I am disappointed to see that still horses as young as two years old are started under saddle, despite the clear information on the detrimental effects on starting horses too young is readily available.

I am very aware there are many different opinions on when to start a horse under saddle and at what point a horse is fully matured. But there is concrete scientific evidence that horses are fully matured between the ages of five and seven years old.

This is clearly shown by the growth plates of the skeletal system (see attached image). For a horse to be fully matured ALL growth plates need to be closed, not just the once in the knees as many believe to be the case. There are many growth plates throughout the whole skeletal system from the hooves up. The last structures to mature are the vertebrae, pretty important as the horse’s spine controls the overall coordination of the limbs (so regulates the movement of the horse) and it is the back that we will sit on. If there is damage in the back the horse will have difficulties to move, let alone to carry us.

Growth plates begin as cartilage and become bone as the horse ages. It is obviously much easier to damage cartilage than bone, hence the waiting period. But it’s not only the growth plates that are important it is also the muscles that need to be developed to enable to arch the back and bring the hind legs under the point of weight to enable the horse to carry the rider in a relaxed manner.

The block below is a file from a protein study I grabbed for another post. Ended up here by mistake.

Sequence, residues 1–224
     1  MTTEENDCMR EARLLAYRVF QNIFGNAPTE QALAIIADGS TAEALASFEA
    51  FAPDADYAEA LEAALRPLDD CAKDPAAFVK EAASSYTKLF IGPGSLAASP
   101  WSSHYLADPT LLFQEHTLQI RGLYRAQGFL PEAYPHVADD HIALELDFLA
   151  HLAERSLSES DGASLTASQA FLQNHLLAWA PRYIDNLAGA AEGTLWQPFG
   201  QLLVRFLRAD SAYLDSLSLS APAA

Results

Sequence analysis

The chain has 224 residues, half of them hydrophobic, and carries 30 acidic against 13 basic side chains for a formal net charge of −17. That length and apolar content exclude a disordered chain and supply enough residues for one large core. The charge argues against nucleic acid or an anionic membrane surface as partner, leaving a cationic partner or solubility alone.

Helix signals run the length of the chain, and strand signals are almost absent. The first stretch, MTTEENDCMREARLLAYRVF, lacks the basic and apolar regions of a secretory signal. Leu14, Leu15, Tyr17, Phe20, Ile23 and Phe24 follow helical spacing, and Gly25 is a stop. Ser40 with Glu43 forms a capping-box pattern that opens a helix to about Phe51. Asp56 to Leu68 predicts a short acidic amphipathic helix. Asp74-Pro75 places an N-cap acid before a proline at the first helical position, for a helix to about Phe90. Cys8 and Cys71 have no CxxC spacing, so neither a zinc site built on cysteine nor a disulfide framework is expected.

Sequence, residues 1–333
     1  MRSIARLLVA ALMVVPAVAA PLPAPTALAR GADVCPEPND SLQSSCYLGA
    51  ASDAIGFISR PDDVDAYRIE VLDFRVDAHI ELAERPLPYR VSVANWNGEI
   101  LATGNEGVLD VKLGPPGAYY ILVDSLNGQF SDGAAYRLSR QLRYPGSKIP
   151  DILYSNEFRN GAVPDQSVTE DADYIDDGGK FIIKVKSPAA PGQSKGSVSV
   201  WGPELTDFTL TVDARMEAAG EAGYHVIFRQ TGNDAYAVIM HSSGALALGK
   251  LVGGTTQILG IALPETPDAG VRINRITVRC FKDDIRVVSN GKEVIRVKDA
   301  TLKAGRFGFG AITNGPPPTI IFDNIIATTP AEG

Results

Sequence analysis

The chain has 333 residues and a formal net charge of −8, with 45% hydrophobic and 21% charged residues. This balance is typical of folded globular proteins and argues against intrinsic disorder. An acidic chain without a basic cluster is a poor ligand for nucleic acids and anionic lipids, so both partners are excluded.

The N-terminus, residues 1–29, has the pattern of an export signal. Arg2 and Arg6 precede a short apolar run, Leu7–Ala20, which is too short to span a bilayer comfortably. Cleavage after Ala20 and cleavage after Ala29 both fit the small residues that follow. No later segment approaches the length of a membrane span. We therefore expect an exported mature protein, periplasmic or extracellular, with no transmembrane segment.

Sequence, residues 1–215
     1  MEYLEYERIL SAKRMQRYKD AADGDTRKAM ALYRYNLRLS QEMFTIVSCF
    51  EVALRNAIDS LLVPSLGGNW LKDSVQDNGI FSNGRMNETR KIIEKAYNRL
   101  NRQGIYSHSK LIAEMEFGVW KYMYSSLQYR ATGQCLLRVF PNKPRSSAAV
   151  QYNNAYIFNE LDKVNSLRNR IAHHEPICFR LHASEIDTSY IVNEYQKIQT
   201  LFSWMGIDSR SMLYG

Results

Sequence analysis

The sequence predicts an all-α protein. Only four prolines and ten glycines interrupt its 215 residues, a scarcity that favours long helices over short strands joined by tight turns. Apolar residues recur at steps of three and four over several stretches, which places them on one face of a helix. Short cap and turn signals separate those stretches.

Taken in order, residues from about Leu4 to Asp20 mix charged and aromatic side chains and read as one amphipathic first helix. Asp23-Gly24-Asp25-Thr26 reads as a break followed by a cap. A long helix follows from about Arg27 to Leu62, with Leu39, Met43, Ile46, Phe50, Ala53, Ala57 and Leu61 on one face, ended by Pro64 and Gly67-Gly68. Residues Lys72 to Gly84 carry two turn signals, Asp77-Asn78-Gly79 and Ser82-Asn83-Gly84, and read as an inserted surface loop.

It is shown in many studies that the cervical vertebrae are closed by three years and the thoracic vertebrae between five and seven years of age. By this information it is pretty clear that we should not back a horse until the age of four to six years old (this with proper gymnastic preparation).

Here I have only touched on the physical maturity of the horse but we also have to take in consideration the emotional and mental maturity of the horse. A two year old is just a baby.

The horse is a living being with feelings, fears and needs and not a sports tool. It has its own life and dignity and we humans are responsible to make sure to keep this in high regard.

I have attached a link here with a great article by Dr. Deb Bennett about the timing and rate of skeletal maturation in horses. It starts with the focus on the race horse but I encourage you to keep reading as the information in this article is for all horses.

There are many great things you can do with your young horse while waiting for its body and mind to be ready to carry you. You can start to get to know each other by just hanging out, spend quality time together. From here you can start with working on your communication through body language by basic leading exercises. Go for walks out in the woods or your neighbourhood. Once this is in place and your young horse is ready for it, you can start to slowly introduce the gymnastic groundwork. All this is a preparation for riding anyway.

I know that riding is the number 1 on most people’s mind when it comes to horses but I would ask you to keep in mind the health and wellbeing of your horse as well.